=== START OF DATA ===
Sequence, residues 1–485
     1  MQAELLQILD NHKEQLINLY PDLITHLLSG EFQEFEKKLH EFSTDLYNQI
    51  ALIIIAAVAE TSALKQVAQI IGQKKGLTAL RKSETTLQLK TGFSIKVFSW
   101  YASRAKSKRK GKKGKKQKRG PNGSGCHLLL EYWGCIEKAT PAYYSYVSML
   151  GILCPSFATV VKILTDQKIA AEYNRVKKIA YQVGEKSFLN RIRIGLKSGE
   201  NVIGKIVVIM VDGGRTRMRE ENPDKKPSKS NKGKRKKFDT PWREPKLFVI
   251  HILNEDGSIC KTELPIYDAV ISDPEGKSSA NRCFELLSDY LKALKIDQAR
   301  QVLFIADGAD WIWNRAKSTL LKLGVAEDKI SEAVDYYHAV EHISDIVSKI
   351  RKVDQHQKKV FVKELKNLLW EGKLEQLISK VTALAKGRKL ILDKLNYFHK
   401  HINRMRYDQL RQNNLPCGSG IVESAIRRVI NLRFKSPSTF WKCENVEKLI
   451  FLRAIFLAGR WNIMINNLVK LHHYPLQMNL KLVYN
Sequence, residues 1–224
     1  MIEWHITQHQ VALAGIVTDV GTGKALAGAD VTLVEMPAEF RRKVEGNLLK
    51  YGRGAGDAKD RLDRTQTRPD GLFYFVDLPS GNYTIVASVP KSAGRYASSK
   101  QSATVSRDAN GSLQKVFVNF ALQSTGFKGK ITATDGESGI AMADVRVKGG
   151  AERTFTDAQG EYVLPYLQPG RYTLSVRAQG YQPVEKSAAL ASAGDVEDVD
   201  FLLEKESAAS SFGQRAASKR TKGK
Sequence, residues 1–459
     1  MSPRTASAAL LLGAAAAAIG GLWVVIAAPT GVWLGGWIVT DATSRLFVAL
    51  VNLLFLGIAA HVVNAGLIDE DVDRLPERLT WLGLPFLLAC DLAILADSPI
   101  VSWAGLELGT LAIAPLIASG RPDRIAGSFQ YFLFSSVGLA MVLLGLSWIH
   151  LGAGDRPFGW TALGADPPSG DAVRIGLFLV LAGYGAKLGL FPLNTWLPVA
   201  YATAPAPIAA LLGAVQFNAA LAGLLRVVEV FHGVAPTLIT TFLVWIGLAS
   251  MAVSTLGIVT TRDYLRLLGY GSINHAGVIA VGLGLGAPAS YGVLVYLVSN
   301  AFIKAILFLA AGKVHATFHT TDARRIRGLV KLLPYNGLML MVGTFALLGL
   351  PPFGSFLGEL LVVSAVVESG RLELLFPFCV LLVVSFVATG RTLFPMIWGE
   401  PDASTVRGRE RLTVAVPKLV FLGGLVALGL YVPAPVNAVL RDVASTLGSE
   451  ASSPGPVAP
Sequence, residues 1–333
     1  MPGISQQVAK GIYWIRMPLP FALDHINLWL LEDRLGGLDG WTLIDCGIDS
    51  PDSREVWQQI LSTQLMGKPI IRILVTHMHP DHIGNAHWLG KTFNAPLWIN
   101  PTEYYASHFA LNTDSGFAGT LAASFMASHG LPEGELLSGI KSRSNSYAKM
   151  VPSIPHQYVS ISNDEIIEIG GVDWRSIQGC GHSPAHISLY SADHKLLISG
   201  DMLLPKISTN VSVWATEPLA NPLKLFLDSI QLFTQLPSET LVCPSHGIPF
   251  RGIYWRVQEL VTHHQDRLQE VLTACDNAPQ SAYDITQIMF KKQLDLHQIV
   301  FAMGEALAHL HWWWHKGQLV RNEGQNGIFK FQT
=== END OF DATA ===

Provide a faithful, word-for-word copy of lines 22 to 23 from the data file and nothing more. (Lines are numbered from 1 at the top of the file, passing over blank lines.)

   151  LGAGDRPFGW TALGADPPSG DAVRIGLFLV LAGYGAKLGL FPLNTWLPVA
   201  YATAPAPIAA LLGAVQFNAA LAGLLRVVEV FHGVAPTLIT TFLVWIGLAS